Spend Saturday, July 21, canoeing the lake at Rock Eagle 4-H Center in Eatonton, Ga., during the center’s monthly Saturday at the Rock event.This program is designed for novice boaters who want to learn proper techniques and veterans who want to enjoy a relaxing cruise on the water. Rock Eagle program coordinators will be on the water to help beginning paddlers.This session costs $5 per person will run from 9:30 a.m. until 11:30 a.m. The cost covers use of Rock Eagle canoes and life jackets. Following the program, Rock Eagle’s Natural History Museum will be open to participants.For more information or to register, contact Matt Hammons at (706) 484-2862 or [email protected] at the Rock programs are held the third Saturday of each month, excluding December. View a complete list of Saturday at the Rock sessions at www.rockeagle4h.org/ee/community/SaturdayattheRock.html.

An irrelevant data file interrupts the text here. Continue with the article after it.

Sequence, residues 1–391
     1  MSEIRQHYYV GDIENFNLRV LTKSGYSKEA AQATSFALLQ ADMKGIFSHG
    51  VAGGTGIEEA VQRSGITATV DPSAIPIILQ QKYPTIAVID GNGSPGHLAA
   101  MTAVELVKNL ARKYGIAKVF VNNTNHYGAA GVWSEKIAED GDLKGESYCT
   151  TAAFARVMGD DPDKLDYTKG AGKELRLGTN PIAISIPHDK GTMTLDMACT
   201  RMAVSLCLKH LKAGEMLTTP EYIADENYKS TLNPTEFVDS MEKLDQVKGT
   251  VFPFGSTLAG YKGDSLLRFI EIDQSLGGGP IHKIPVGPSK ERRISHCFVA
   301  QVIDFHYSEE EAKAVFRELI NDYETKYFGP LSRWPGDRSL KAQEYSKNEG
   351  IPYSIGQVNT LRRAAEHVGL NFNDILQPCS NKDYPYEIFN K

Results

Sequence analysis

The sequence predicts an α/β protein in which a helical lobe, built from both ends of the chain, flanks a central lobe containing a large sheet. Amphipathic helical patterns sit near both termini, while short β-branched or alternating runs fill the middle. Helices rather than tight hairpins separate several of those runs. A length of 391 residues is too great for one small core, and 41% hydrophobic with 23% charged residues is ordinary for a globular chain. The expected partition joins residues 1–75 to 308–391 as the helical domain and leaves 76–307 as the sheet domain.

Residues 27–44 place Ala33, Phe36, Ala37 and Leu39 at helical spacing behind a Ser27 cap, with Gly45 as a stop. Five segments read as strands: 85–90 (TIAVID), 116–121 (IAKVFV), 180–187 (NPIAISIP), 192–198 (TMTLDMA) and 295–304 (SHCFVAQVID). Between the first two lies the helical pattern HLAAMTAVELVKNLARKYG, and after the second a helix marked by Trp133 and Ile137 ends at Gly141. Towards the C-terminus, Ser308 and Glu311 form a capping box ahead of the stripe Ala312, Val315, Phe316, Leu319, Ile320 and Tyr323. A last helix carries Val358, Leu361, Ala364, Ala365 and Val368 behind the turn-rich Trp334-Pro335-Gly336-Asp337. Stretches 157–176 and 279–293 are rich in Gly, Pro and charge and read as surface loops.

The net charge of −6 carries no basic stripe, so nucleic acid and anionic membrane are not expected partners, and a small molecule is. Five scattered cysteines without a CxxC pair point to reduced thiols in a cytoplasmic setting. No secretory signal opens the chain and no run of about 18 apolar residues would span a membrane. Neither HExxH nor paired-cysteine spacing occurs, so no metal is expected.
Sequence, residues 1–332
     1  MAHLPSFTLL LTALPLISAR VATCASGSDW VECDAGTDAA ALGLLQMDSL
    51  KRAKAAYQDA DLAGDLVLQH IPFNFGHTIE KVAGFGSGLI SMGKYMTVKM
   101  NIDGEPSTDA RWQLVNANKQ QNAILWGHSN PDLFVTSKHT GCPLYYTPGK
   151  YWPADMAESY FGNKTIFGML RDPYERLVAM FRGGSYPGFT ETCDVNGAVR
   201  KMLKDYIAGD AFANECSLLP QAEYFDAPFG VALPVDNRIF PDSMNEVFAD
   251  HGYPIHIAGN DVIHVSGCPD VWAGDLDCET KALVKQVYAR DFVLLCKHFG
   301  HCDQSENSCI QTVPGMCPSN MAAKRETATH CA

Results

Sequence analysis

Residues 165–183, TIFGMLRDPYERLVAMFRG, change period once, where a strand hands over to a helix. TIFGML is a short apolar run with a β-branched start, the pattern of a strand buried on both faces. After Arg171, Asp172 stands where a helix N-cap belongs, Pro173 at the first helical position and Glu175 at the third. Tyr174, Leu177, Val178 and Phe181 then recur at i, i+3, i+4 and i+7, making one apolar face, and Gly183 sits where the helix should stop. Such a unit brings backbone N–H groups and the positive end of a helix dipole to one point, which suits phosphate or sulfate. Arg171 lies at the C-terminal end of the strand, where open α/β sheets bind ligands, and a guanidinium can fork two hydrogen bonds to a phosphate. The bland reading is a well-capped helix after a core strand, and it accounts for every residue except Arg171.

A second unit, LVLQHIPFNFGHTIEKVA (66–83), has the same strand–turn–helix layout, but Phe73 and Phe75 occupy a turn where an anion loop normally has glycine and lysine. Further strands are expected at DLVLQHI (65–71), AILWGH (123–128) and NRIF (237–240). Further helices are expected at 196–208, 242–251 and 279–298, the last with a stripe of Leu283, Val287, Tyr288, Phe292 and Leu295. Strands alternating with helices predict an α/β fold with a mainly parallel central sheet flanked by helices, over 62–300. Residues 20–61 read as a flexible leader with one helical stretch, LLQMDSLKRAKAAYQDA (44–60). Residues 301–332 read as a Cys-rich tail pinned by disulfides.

Lakers, Clippers schedules set for first round of NBA playoffs Trail Blazers, Grizzlies advance to NBA play-in game; Suns, Spurs see playoff dreams dashed And he expressed appreciation for his family’s support in hard times: “When your mental health is a problem, the solution is right there. You gotta turn to the people who love you. I mean really love you. Not the fake love. I’m talking about FAMILY. Sometimes I’d be lying in bed, feeling like trash. And my daughter Dior runs in, seven o’clock in the morning like, “Daaaaaaddd, get upppppp! Aaahhhhhhhhhh!!!!!!” Jumping on me, hugging me. And it’s like … damn. I ain’t have that as a kid, you know? That feeling fixes you up for a minute.“You drink a gallon of water a day and you hug your kids? All of a sudden, it ain’t so bad.”Related Articles Trail Blazers beat Grizzlies in play-in, earn first-round series with the Lakers Dion Waiters signed with the Lakers on March 6, hoping to revive his stalled career – only to have the NBA season to stall out March 11 because of the coronavirus pandemic. Nonetheless, the 28-year-old guard took a step forward Monday evening, opening up about past struggles with an entry on “The Players’ Tribune.”His was the first installment in a series called “24,” in which athletes “honor the legacy of Kobe Bryant by sharing 24 truths that have shaped their life.”Waiters, a Philadelphia native, arrived in L.A. after having played just three games this season for the Miami Heat, who suspended him three times for team rules violations before trading him to the Memphis Grizzlies, who cut him.Coach Frank Vogel said in March that the former No. 4 overall draft pick and career 13.2 points-per-game scorer seemed like “a guy ready to move past” issues he’s had this season. “We’re aware of his journey,” Vogel said then. “And we believe he’s somebody who can help us.” Lakers practice early hoping to answer all questions How athletes protesting the national anthem has evolved over 17 years Newsroom GuidelinesNews TipsContact UsReport an Error And he saluted James, who he said mentored him when he was a young player figuring things out as a fellow member of the Cleveland Cavaliers: “Bron used to show me different wines, different kinds of food. I was Philly Philly. I was raw. But Bron took me under his wing – and now all these years later, here we are again. Less hair, more wisdom. Life is crazy, right? Damn.”KUZMA PROMOTES FOOD ACCESSLakers forward Kyle Kuzma is helping promote free grab-and-go meals for families around California, lending his voice to a campaign by the Dairy Council of California. The organization is striving to support food access for families during the pandemic.“I’m working with Got Milk? to get the word out that free school meals are still available at drive-thru sites,” Kuzma said in a social media ad that links to a site map identifying locations of a school nutrition program offering free meal services to children 2-18 years old. “Just drive up in your car grab your meals and go.” AD Quality Auto 360p 720p 1080p Top articles1/5READ MOREUCLA alum Kenny Clark signs four-year contract extension with PackersWaiters wrote about those trials in “The Players’ Tribune” piece, describing his experiences with depression and addressing “the plane incident in Miami” in November, when he ingested a cannabis-infused edible on a team flight, resulting in a much-publicized medical incident (but not a seizure, Waiters wrote) and, subsequently, a 10-game suspension.“It’s on me. I own that. It was idiotic on my behalf – point-blank, period,” he wrote. “What’s crazy is, my whole life I been a leader. I’m not a follower. Pat (Riley) knows me. He knows I don’t do drugs. But sometimes when you’re going through dark times, you can fall trap to things you’d never do in your right mind.”Waiters wrote that his 6-year-old son – “six going on damn near 30” – held him to account for that incident: “He’s on Google all day, typing my name. So when I got suspended, he was interrogating me like, ‘Dad, they said you were doing drugs. They said you had a seizure. They said you can’t play no more. What’s going on?’“I had to break it down for him in a way he could understand, like in his little cartoon movies. I said, ‘You know how there’s always a beginning, a middle and an end? In the beginning, it’s all good, right? Spider-Man is doing his thing. He’s discovering his superpowers. He’s chillin’. But in the middle, what happens? The hero always messes up. He gets knocked in the dirt. There’s always a sad part, right? Well, that’s where your dad’s been at. He made a mistake. He lost his superpowers for a minute. But it’s gonna be alright. We’re gonna make it through.’”Waiters also was down on Instagram, writing that it was “a trap. You score 40, you’re a hero. Everybody love you. You score 10, and the hate you get is just … it’s pathetic, bro. Grown… men making fake accounts. Taking the time to really do that.”